The Sustainable Raritan River Initiative, a joint program of Rutgers University’s Edward J. Bloustein School of Planning and Public Policy and the School of Environmental and Biological Sciences, has announced the completion of a new report on the status of watershed health for the Raritan River.
State of the Raritan, Volume 1, provides an important assessment of overall water quality trends in the Raritan Basin to inform planning, policy, and decision-making at the federal, state and local levels. The report, prepared with input from its watershed partners, updates key indicators of water quality and watershed health for the Raritan Basin that were originally assessed in a report by the New Jersey Water Supply Authority, Raritan Basin: Portrait of a Watershed (2002).
This new assessment uses the same key indicators and updates the original data – most from 1986 and 1995 – with additional data from 2002, 2007 and 2012 in order to determine trends over the past 26 years and to identify data gaps for development of future more comprehensive assessments.
Eleven key indicators were assessed for this report including population; housing units; urban land use; impervious surface cover; forested, coastal and emergent wetlands; upland forest cover; prime agricultural land; groundwater recharge; fish and macroinvertebrate bioassessments; riparian area integrity; and known contaminant sites and groundwater contamination.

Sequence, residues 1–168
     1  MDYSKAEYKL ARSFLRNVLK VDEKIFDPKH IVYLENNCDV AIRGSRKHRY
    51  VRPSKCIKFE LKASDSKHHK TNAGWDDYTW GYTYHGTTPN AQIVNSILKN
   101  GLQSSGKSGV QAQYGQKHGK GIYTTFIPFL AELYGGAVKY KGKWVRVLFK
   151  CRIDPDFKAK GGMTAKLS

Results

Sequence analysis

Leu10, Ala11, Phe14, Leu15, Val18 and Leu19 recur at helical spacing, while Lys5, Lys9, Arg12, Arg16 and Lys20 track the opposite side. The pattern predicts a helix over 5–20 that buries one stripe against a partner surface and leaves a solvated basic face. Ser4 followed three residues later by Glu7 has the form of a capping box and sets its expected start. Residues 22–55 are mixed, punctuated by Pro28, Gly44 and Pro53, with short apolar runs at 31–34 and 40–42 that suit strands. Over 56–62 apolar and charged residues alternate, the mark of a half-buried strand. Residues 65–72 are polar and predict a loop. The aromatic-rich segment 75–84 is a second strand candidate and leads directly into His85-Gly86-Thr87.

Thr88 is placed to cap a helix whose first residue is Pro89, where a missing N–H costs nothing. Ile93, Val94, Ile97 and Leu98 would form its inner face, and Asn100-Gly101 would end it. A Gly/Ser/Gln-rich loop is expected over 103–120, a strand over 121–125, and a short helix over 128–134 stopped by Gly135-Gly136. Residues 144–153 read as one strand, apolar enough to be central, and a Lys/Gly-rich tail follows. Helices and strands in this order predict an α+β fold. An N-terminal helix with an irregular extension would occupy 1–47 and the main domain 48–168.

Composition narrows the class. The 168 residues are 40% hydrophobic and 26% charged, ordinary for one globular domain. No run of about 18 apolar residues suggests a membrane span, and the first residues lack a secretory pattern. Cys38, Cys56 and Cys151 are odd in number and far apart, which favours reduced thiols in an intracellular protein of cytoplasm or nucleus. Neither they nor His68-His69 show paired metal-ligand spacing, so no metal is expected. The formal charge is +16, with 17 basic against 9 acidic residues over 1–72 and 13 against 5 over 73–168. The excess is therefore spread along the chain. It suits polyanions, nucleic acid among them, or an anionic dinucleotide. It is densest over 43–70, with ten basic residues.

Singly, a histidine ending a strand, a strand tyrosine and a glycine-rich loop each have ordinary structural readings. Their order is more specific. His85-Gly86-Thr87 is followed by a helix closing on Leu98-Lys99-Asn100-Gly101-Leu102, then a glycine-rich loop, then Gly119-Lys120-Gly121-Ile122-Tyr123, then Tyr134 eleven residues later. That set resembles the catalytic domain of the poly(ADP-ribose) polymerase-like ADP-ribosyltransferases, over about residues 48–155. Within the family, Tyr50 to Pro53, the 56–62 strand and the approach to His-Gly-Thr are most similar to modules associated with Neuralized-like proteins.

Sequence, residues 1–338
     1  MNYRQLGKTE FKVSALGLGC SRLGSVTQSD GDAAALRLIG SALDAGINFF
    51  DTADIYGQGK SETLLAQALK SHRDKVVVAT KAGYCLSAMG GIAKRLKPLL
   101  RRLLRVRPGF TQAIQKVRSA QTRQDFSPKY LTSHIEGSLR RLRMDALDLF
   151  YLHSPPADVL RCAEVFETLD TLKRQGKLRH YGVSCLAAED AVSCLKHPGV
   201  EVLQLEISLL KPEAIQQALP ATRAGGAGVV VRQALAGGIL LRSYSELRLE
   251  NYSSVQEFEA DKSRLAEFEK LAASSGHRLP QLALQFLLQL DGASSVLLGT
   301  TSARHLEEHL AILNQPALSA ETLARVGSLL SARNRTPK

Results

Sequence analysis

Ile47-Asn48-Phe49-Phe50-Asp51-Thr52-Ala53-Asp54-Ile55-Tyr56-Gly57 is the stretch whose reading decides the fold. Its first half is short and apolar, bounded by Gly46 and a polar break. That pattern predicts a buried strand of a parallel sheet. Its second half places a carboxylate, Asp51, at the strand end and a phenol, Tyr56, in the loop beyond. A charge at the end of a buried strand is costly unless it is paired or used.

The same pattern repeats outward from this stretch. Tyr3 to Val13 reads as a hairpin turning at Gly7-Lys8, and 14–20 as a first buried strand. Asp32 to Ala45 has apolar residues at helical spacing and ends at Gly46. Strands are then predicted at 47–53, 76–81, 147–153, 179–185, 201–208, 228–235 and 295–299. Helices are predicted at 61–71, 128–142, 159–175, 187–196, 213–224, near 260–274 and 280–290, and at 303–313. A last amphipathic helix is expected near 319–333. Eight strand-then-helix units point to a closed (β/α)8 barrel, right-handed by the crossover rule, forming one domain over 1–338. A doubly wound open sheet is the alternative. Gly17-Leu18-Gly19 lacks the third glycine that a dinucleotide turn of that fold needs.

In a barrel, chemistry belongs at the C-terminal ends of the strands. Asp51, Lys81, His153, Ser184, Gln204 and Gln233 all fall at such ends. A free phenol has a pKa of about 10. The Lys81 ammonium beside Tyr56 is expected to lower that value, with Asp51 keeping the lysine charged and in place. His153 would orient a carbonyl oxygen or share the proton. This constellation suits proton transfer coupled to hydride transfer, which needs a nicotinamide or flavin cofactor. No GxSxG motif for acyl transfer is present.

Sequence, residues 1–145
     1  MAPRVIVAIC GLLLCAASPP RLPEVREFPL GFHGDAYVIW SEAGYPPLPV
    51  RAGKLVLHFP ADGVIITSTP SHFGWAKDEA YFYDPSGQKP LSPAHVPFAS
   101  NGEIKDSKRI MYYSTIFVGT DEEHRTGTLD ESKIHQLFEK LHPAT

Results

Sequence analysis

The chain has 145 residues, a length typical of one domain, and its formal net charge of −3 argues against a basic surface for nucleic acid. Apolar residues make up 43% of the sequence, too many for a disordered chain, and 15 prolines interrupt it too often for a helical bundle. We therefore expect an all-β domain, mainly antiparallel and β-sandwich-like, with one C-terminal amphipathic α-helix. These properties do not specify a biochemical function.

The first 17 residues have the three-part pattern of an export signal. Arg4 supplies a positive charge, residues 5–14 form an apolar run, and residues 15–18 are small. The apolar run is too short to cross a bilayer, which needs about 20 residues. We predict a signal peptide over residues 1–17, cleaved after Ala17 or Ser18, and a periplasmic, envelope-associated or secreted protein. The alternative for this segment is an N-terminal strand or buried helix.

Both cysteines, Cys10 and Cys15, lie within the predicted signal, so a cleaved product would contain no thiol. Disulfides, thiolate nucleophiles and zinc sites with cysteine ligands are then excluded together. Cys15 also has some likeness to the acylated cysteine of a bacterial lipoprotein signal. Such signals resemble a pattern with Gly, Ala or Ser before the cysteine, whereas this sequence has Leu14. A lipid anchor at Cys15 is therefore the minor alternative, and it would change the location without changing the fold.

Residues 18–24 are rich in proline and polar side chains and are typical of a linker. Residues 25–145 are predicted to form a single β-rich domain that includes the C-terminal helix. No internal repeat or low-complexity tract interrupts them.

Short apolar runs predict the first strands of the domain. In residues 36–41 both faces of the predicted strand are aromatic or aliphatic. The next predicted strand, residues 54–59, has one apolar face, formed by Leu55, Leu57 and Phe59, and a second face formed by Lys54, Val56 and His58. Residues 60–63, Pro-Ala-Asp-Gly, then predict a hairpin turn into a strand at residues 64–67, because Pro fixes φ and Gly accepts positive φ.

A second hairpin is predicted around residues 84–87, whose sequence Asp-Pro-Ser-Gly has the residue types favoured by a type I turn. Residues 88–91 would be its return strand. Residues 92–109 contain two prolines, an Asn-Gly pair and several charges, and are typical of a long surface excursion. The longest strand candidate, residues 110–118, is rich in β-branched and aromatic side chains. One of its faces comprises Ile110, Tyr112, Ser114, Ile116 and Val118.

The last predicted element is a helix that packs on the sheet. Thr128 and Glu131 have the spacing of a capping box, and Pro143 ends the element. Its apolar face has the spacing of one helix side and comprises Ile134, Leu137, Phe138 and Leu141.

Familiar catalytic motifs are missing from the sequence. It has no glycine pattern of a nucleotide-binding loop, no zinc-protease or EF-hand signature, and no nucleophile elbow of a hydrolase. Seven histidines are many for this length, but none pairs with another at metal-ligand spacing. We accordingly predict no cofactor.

Overall comparison of this updated analysis with the 2002 report indicates trends were increasing for population, housing units, urban land use and impervious surface cover. An increasing trend for these indicators adds stress on water quality and supplies with potential negative impacts for the watershed. Trends were declining for all of the wetland land covers assessed as well as for upland forest, prime agricultural land, and groundwater recharge. Downward trends for these indicators suggests that the watershed is losing its natural filtering capacity with attendant negative impacts to water quality.
The bioassessment and riparian areas trends were mixed; there was not sufficient data to determine trends for the known contaminated sites and groundwater contamination indicators.
This report is the first in a series that will assess a broad array of metrics of watershed health for the Raritan Basin. The intent is to inform watershed management planning in concert with remediation, restoration and protection efforts at the federal, state and local levels.
A PDF of the report may be accessed at http://raritan.rutgers.edu/.
For more information about the report, contact Sara Malone at email@example.com. Or visit http://raritan.rutgers.edu to sign up for e-Newsletter & Announcements to stay informed of efforts to develop subsequent volumes of the State of the Raritan.